As any Magnus Chase fan knows, the city of Boston is teeming with Norse activity. Next time you visit Boston, supplement your human-issued travel guide with these six Riordanic revelations.
1. Boston Public Garden
The Make Way for Ducklings sculpture in the Boston Public Garden serves as a tribute to a beloved children’s book classic of the same name. But did you know that those nine metal mallards are also active portals to the nine Norse worlds? Beware of bumping into elves, dwarfs, and especially fire giants. If you do happen to fall in, let’s just hope you land back in Midgard.
2. The Man with the Metal Bra
Head to the Commonwealth Avenue Mall in Back Bay to see the statue Leif, the Discoverer, sculpted by Anne Whitney in 1887. What is the famous Viking explorer Leif Erikson doing smack in the middle of Boston gazing over the Massachusetts Turnpike? Perhaps Magnus’s Uncle Randolph was right in believing that Vikings settled in Boston. It would be a great reason for the Norse demigod Magnus Chase to call Boston home. For more on the history of how the man with the metal bra landed in Boston, visit here.
3. The Green Monster of Fenway Park
No trip to Boston is complete without a visit to the Red Sox home stadium, Fenway Park, which has ended many an opposing ball player’s winning streak. How? With the Green Monster, a green wall over thirty-seven feet high that stops home runs in their tracks. It’s a great thing for Sox fans (like Loki), but a terrible thing for the visiting team. It’s also a great hiding place. Magnus Chase used its cover to prevent his dear dwarf guardian Blitzen from impending sunlight in The Sword of Summer.
4. Bunker Hill
The Battle of Bunker Hill was a major event in the Revolutionary War. Maybe you’ve heard of the famous command “Don’t fire until you see the whites of their eyes!” uttered by one of the Continental officers? If you’re a battle buff, you’ll love this place. Hel, the Norse goddess of the dishonorable dead, was more cynical when she appeared to Magnus there and told him, “For every hero, a thousand cowards. For every brave death, a thousand senseless ones.” Hel doesn’t can be a real downer.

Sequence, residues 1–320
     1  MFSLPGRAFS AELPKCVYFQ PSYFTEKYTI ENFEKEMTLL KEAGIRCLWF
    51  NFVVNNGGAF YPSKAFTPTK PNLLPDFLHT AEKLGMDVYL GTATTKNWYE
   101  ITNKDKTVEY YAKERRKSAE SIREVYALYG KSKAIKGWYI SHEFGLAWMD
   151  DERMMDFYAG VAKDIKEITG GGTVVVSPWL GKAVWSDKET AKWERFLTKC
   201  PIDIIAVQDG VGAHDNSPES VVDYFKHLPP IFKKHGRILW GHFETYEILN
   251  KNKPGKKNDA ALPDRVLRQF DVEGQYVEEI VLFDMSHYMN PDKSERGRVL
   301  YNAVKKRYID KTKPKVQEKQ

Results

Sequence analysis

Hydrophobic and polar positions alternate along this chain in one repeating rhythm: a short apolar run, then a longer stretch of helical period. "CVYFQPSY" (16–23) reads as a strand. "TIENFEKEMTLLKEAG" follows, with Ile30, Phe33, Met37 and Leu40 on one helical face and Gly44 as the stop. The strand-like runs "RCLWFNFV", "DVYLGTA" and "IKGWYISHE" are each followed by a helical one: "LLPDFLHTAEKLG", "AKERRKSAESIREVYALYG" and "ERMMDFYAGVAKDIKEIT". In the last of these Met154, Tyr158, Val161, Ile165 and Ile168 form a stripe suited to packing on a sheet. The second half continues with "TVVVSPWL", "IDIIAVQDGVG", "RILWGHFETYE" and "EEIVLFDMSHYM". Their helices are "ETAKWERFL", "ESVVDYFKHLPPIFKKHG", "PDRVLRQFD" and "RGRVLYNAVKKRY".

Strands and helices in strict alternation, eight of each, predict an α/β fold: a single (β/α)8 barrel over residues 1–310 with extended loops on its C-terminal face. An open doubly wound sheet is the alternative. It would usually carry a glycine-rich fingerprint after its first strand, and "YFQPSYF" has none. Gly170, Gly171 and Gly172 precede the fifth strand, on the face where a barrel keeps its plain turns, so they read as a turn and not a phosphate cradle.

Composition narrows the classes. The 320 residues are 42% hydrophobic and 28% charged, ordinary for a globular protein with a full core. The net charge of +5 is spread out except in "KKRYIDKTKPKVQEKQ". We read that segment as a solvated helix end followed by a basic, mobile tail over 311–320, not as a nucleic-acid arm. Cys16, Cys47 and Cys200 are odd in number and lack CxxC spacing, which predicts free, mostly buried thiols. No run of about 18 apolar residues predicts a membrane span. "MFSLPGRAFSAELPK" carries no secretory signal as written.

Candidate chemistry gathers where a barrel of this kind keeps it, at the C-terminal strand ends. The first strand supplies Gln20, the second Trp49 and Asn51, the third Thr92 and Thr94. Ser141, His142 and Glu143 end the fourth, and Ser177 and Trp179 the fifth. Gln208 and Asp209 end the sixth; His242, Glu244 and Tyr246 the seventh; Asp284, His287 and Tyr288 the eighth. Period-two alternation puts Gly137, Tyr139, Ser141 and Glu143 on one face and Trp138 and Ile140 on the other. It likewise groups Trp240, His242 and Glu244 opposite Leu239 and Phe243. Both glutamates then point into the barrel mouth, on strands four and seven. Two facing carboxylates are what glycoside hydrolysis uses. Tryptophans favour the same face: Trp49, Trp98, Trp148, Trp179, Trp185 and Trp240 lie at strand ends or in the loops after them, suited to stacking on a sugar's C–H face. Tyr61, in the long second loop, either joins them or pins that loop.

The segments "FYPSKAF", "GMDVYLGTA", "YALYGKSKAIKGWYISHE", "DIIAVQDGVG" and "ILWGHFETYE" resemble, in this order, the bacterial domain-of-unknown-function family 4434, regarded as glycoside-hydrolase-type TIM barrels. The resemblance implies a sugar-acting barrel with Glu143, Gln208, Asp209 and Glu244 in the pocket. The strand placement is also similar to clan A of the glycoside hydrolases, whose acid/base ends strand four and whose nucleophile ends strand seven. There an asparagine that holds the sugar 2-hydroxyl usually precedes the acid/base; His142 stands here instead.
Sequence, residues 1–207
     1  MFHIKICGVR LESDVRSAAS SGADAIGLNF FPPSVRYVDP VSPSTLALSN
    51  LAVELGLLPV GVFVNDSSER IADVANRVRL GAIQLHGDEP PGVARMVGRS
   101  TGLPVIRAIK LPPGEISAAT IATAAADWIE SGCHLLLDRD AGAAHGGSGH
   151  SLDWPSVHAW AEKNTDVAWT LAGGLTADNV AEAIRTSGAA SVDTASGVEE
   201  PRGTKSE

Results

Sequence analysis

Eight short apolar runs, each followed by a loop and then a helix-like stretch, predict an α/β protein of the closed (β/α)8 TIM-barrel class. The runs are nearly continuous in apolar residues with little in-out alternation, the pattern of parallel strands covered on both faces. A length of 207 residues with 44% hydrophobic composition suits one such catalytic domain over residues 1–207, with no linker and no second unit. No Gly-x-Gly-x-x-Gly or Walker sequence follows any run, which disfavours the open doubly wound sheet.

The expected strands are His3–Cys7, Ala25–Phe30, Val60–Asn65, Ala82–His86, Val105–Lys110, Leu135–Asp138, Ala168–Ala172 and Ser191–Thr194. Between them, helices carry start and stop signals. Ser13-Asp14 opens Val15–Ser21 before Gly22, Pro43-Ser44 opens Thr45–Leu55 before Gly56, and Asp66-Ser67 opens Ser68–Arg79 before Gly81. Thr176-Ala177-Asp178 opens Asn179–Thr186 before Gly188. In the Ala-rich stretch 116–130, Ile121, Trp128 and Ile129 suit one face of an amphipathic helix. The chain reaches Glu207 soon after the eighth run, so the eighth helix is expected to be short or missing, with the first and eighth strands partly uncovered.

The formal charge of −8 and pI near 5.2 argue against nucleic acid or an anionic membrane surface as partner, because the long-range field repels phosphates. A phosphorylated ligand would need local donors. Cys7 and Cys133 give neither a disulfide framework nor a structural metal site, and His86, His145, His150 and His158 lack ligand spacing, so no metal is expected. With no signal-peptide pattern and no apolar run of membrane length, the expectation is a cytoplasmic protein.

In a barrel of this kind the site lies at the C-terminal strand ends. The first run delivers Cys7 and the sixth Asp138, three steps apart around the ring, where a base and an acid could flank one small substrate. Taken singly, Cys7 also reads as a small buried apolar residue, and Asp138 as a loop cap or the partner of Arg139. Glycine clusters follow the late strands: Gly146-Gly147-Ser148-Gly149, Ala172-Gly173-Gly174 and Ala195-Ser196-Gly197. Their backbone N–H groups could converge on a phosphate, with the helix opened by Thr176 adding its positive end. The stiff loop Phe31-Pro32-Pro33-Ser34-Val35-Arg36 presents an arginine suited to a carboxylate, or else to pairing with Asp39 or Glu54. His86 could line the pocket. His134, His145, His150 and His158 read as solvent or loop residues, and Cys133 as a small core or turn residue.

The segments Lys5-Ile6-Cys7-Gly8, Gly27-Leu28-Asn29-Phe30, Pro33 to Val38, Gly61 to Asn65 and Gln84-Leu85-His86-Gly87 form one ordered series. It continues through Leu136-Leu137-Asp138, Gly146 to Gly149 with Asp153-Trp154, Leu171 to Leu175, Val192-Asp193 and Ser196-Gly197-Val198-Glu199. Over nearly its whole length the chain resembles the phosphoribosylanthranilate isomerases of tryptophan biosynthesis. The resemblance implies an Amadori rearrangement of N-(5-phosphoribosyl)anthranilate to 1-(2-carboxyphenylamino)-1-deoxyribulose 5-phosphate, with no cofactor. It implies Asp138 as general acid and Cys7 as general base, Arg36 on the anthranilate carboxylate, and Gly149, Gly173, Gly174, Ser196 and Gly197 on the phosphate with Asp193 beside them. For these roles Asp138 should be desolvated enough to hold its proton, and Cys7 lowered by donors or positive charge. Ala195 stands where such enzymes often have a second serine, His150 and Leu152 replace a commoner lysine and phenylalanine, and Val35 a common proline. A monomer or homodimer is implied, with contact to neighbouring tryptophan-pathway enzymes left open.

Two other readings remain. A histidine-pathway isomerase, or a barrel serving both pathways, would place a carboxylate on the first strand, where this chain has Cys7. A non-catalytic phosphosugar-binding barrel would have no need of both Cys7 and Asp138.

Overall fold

5. Longfellow Bridge
This landmark bridge connects Boston’s historic Beacon Hill with Kendall Square (where all the college kids remain oblivious to Norse happenings). It spans the Charles River and is named after another great Bostonian storyteller, Henry Wadsworth Longfellow, author of “Paul Revere’s Ride.” Longfellow Bridge is equally as historic for Magnus Chase fans, as it’s the location of Magnus Chase’s deadly encounter with Surt, the fire giant. They fought each other while trying to recover Sumarbrander, the sword of summer, from the Charles. Magnus fought bravely that day and saved many pedestrians, but he didn’t survive . . . and that’s just the beginning of the story.
6. Gondola Di Venezia at the Esplanade
After you’ve visited the Longfellow Bridge, head about a mile downstream to the Esplanade and take a gondola ride on the Charles River. No longship or raiding experience is required! Perhaps you’ll encounter Lord Mímir, counselor to Odin, as this is the site where his floating head imparted wisdom to Magnus and his friends.